Record office take up in Edinburgh last year, boosted by burgeoning tech sector

Mint building in Edinburgh Demand for office space in Scotland’s three largest cities pushed overall take-up beyond 2m sq ft last year, aided by a solid final quarter of occupational deals in Aberdeen and Glasgow, and an all-time record year for Edinburgh. Scotland’s offices market in 2017 reach ed2.4 million sq ft, 14 percent above the 10 year average, according to the latest Scottish Office Spotlight from Savills. In Edinburgh (city centre and wider market) office take-up amounted to a record 1.1 million sq ft boosted by the ongoing growth of tech in the city. According to data from Stack Overflow, the Scottish capital saw a 19 percent increase in data scientists employed in the city centre over the course of 2017. Activity places further pressure on supply with only 220,000 sq ft of Grade A now available which Savills suggests will push top rents to £34 per sq ft in 2018. Keith Dobson, director in the business space agency team at Savills in Edinburgh, says: “The soon to be completed 40,000 sq ft office scheme at 2 Semple Street will ease pent up demand come Q2 2018, whilst The Mint Building and Capital Square will complete in 2019 and 2020 respectively.”

“However, with such a modest development pipeline overall we need more speculative developments to be announced if we are to harness Edinburgh’s flourishing tech hub and support the wider occupational market.”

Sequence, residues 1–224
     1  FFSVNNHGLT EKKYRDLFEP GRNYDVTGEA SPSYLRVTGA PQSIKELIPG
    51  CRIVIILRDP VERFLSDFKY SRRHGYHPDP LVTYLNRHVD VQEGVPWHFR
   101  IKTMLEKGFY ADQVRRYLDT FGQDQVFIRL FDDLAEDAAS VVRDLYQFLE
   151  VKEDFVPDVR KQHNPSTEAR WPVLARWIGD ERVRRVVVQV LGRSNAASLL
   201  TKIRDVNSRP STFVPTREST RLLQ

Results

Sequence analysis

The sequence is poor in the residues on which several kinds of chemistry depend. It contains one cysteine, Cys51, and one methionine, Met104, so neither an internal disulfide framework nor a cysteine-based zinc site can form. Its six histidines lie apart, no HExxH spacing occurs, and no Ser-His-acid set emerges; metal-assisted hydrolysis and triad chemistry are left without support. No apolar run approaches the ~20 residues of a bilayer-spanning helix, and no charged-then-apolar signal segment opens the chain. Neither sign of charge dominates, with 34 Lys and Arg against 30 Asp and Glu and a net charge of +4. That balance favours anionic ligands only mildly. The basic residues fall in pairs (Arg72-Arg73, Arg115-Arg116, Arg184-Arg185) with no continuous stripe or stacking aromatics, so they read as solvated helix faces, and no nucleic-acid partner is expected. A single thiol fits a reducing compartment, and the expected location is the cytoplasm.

Take-up for the full year in Aberdeen totalled 403,000 sq ft, 120 percent above the level recorded during 2016 and the strongest year since 2014. Unsurprisingly, says Savills, as the price of Brent Crude oil hovers just below $70 per barrel this boost in take-up has been witnessed most apparently in the Engineering and Extraction and Utilities sectors, which saw combined take-up reach 259,000 sq ft, 64 percent of the total take up, up from only 17 percent last year.

Simpson Buglass, head of the Aberdeen office and director in the business space agency team, comments: “There remains a two-tier market in Aberdeen, with landlords who have committed their oil and gas operators into long RPI-linked leases and footloose occupiers who are able to take advantage of attractive rent-free periods.

“Availability has now peaked in Aberdeen following the completion of Marischal Square (pictured, cover) and The Silver Fin Building during 2017. With enquiries from the oil and gas sector gathering further momentum, footloose occupiers are being encouraged to act sooner rather than later. Grade C space will need to reinvent itself or continue to struggle for the foreseeable future.”

Significant lettings to the Department for Work and Pensions (DWP) and the Scottish Courts in Glasgow in the final quarter saw take-up reach 625,000 sq ft, 1 percent above the five-year average. The city remains hampered by a lack of speculative development which, together with only 18 months of Grade A supply (425,000 sq ft) Savills suggests will lead to a wave of pre-lets being agreed in 2018 due to a number of lease events in 2020/21.